Crusader Staff Report
Mayor Lori Lightfoot is praising a recent decision by federal judge who on a Tuesday, June 11, threw out a lawsuit that aimed to block the Obama Foundation from building the Obama Presidential Center and Library in Jackson Park in South Shore.
In a 52-page ruling, U.S. District Judge John Robert Blakey wrote that the plaintiff, Protect Our Parks attempted to “twist this public benefit into a private purpose, arguing that the Museum’s mission merely seeks to preserve and enhance the legacy of the former President and his wife.”
In response to the decision, Lightfoot released a statement, praising Blakey’s decision.
“Chicago is where President Obama discovered his love for community service, and the Obama Presidential Center will honor his presidency and inspire the next generation of leaders. The court today made unequivocally clear that this project may be located in Jackson Park, marking a significant step forward in this historic project and for our entire city. I am committed to ensuring that this community hub creates unprecedented cultural opportunities and economic growth on the South Side. I look forward to working with community stakeholders and the Obama Foundation to ensure that neighboring communities share in this growth. Toward that important end, I look forward to meeting with community stakeholders and the Obama Foundation to resolve remaining issues so that the benefits of this important project can be shared by all.”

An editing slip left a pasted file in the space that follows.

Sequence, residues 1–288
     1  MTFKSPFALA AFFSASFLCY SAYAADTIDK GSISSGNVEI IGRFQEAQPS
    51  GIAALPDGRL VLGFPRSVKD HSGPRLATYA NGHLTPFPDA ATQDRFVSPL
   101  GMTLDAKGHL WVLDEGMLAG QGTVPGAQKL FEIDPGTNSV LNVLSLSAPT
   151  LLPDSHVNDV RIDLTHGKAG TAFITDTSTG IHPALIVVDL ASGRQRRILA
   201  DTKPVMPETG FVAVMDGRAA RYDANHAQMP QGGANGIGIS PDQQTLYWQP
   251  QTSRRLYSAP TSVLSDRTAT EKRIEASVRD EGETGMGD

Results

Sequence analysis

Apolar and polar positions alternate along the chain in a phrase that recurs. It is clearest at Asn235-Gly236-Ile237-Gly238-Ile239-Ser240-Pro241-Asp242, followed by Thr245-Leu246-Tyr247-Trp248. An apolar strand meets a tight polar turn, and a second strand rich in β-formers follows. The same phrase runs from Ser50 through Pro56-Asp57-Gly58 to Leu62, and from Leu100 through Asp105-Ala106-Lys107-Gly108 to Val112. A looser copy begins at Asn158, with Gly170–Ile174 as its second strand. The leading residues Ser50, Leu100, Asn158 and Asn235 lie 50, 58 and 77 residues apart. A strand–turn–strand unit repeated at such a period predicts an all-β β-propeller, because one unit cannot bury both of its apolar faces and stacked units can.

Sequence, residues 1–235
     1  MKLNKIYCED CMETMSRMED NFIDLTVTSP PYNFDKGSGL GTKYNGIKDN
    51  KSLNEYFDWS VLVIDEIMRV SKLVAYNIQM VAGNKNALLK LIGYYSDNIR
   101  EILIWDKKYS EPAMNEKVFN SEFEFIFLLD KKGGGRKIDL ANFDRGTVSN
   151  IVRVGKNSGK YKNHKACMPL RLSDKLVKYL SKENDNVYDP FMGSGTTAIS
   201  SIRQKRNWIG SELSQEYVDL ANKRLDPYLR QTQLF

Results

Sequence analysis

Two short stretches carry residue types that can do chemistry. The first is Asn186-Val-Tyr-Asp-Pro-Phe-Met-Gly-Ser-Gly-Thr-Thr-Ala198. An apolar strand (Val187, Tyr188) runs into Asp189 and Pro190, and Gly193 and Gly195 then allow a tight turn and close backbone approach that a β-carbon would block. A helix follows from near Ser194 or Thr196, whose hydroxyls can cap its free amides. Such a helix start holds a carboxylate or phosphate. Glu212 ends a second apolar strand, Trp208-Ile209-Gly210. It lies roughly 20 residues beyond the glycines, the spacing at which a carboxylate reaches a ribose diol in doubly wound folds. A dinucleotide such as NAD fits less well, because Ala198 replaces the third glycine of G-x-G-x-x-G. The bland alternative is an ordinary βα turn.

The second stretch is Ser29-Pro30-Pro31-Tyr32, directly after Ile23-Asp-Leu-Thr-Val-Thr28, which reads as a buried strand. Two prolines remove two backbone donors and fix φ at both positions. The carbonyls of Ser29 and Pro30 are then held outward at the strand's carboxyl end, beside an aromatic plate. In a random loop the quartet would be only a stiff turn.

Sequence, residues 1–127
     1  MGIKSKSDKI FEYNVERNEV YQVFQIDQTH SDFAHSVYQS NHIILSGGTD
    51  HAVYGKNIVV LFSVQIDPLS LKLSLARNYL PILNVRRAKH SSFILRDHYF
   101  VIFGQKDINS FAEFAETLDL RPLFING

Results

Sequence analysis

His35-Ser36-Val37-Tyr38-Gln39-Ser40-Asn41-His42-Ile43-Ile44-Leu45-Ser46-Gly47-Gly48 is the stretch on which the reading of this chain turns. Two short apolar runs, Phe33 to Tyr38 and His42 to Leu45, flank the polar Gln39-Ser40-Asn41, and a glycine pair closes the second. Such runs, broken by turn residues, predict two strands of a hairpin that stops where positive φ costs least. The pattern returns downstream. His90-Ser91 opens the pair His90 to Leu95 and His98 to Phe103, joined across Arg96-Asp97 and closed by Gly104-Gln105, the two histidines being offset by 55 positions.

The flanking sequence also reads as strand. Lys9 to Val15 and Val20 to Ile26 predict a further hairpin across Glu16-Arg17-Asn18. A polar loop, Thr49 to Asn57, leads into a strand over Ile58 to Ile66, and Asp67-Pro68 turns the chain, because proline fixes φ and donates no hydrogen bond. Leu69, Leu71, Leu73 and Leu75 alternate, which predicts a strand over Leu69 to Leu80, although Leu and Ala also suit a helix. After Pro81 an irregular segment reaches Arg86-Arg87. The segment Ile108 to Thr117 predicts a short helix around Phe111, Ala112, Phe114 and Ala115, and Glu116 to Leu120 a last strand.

In 2018, Protect Our Parks filed the lawsuit against the city of Chicago, which struck a 99-year lease agreement that would use public land for the private $500 million project for former President Barack Obama. But Blakey disagreed.
“This case is important, but it is not a difficult case,” Blakey said in his ruling to dismiss it.
Originally planned for Washington Park The Obama Foundation chose Jackson Park in 2015 to serve as the site of the Obama Presidential Center and Library. The facility would also serve as the headquarters of the Obama Foundation, which is now located in Hyde Park. The project will also include a lantern-shaped museum, a public meeting space, an athletic center and a branch of the Chicago Public Library, according to the project website. The facility will not house Obama’s official archived presidential records he accumulated while serving in the White House from 2008 to 2016.
The planned facility has sparked protests with activists and some residents in the neighborhood who in February led voters to approve a community benefits agreement ordinance to allay concerns of rising rents and displacement after the Obama center is built. The move came more than a year after Obama publicly said he doesn’t believe a community benefits agreement is necessary.
The center is estimated to create 200 to 300 jobs, and will generate 1,400 to 1,500 jobs in the construction phase.